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See detailExploring therapeutic viability of a non-dopaminergic target for Parkinson’s disease
Ashrafi, Amer; Buttini, Manuel UL; Garcia, Pierre UL et al

in Movement Disorders (2016), 31(2), 630

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See detailThe Impact of Age Stereotypes on Source Monitoring in Younger and Older Adults
Kuhlmann, Beatrice G.; Bayen, Ute J.; Meuser, Katharina et al

in PSYCHOLOGY AND AGING (2016), 31(8), 875-889

In 2 experiments, we examined reliance on age stereotypes when reconstructing the sources of statements. Two sources presented statements (half typical for a young adult, half for an old adult). Afterward ... [more ▼]

In 2 experiments, we examined reliance on age stereotypes when reconstructing the sources of statements. Two sources presented statements (half typical for a young adult, half for an old adult). Afterward, the sources' ages-23 and 70 years-were revealed and participants completed a source-monitoring task requiring attribution of statements to the sources. Multinomial model-based analyses revealed no age-typicality effect on source memory; however, age-typicality biased source-guessing: When not remembering the source, participants predominantly guessed the source for whose age the statement was typical. Thereby, people retrospectively described the sources as having made more statements that fit with stereotypes about their age group than they had truly made. In Experiment 1, older (60-84 years) participants' guessing bias was stronger than younger (17-26 years) participants', but they also had poorer source memory. Furthermore, older adults with better source memory were less biased than those with poorer source memory. Similarly, younger adults' age-stereotype reliance was larger when source memory was impaired in Experiment 2. Thus, age stereotypes bias source attributions, and individuals with poor source memory are particularly prone to this bias, which may contribute to the maintenance of age stereotypes over time. [less ▲]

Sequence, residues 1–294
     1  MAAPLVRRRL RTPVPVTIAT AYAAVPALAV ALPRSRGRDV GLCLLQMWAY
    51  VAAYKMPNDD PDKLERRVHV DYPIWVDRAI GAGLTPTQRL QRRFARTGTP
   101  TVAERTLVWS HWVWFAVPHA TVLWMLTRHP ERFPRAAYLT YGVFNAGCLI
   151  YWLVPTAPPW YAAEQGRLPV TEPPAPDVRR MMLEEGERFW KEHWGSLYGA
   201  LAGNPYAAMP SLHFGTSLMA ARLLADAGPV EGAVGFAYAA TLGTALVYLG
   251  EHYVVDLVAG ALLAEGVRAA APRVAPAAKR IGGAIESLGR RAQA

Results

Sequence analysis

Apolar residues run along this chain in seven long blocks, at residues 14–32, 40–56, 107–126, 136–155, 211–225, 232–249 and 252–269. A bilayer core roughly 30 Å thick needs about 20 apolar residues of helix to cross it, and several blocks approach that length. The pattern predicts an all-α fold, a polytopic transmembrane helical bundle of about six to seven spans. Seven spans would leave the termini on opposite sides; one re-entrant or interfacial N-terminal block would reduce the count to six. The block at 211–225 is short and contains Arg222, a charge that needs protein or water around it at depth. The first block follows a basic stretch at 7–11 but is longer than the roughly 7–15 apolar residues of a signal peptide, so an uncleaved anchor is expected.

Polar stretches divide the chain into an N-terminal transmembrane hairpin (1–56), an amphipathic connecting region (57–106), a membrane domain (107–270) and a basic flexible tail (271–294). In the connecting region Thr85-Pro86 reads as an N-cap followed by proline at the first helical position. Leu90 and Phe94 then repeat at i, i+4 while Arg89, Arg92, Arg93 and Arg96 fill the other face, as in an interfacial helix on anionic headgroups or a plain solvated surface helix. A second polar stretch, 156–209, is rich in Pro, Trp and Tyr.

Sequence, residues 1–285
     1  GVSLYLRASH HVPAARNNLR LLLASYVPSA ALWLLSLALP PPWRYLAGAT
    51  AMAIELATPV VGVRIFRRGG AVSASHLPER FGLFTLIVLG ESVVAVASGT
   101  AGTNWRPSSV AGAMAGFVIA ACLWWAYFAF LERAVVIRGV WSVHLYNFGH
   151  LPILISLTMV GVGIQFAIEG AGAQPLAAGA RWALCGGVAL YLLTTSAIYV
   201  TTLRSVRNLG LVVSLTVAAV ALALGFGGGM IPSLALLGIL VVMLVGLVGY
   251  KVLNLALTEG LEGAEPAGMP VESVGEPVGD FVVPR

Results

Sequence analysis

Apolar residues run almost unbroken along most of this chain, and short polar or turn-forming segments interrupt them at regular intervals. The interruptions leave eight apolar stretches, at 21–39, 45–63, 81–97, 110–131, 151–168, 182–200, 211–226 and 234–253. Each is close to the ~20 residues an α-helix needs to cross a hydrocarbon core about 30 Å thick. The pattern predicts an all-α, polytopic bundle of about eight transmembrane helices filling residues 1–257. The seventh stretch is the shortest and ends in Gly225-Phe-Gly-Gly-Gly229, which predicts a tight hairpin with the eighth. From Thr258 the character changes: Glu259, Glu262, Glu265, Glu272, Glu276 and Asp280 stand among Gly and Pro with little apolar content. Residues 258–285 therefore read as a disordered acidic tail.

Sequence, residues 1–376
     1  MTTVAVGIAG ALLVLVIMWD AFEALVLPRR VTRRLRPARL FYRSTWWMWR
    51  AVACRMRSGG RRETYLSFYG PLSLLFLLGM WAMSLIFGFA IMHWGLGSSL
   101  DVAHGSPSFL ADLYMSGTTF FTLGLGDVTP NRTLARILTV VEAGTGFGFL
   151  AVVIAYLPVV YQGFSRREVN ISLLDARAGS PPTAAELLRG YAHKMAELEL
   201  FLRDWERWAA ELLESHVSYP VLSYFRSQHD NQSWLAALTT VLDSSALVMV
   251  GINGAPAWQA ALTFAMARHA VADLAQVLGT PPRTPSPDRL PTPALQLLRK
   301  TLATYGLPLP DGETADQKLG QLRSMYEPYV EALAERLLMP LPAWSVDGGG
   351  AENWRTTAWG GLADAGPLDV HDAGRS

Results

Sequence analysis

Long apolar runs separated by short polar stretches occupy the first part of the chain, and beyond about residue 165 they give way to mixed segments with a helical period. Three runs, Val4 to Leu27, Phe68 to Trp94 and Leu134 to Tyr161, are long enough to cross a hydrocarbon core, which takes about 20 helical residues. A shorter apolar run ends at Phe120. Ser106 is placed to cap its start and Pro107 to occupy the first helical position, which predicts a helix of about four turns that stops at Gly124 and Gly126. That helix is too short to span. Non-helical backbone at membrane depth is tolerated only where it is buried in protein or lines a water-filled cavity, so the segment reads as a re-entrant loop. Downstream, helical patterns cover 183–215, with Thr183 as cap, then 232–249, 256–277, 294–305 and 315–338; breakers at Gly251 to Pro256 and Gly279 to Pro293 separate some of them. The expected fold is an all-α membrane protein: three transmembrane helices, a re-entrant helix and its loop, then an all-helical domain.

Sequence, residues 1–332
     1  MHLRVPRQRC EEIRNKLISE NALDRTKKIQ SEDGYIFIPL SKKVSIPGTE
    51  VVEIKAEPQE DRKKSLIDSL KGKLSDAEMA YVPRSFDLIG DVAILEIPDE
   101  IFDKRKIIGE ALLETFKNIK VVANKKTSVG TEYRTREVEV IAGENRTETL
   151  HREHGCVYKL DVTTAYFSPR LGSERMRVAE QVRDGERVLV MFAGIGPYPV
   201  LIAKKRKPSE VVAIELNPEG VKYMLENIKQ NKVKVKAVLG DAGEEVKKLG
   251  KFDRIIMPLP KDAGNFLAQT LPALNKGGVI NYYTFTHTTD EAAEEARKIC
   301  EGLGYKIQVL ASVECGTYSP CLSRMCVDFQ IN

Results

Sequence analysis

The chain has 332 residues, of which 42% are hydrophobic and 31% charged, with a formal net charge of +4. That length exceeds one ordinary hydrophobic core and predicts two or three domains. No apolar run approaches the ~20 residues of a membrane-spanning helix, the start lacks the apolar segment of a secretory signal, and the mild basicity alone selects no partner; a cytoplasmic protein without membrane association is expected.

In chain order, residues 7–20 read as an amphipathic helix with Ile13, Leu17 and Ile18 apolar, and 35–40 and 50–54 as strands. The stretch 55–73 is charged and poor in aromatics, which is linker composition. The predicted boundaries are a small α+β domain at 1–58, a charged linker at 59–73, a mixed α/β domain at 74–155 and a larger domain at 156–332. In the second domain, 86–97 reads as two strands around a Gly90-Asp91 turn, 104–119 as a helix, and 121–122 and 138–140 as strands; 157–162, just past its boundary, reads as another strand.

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See detailThe Italian Law on RPAS
Bergamasco, Federico UL

in The Law of Unmanned Aircraft Systems: an Introduction to the Current and Future Regulation under National, Regional and International Law (2016)

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See detailStai scherzando? Are you kidding? Investigating the influence of dubbing on the Italian progressive
Viola, Lorella UL

in Italian Journal of Linguistics (2016)

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See detailAn 'architecture of bureaucracy': Technocratic planning of government architecture in Belgium in the 1930s
van de Maele, Jens UL

in Lloyd Thomas, Katie; Amhoff, Tilo; Beech, Nick (Eds.) Industries of Architecture (2016)

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See detailSport and Urban Space in Europe: Facilities, Industries, Identities
Terret, Thierry; Heck, Sandra UL

Book published by Routledge (2016)

Filling a gap in the literature on the history of sport in Europe, the book brings together complementary studies on diverse aspects of the interrelation between sport and urban space. Going from ... [more ▼]

Filling a gap in the literature on the history of sport in Europe, the book brings together complementary studies on diverse aspects of the interrelation between sport and urban space. Going from geography to political science, from sports history to urban and transport history, it suggests a three-fold approach. A first thematic group of researches ranges around "Sport Development and Urban Spaces", exploring the impact of the city on the rise of sport. A second focal point is related to "Sport Policies and Local Identities" with a special attention given to the making of sport venues and competitions in the making of urban identity. A third thematic group includes studies on "Sport Facilities, Engineers and Workers". The articulation of the three parts builds a unique contribution to the process of identity making at a European level. [less ▲]

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See detailLooking Beyond Chronological Age: Current Knowledge and Future Directions in the Study of Subjective Age
Kotter-Gruehn, Dana; Kornadt, Anna Elena UL; Stephan, Yannick

in GERONTOLOGY (2016), 62(1), 86-93

The notion of the heterogeneity of aging goes along with the awareness that every person experiences aging differently. Over the past years, scholars have emphasized that the assessment of these ... [more ▼]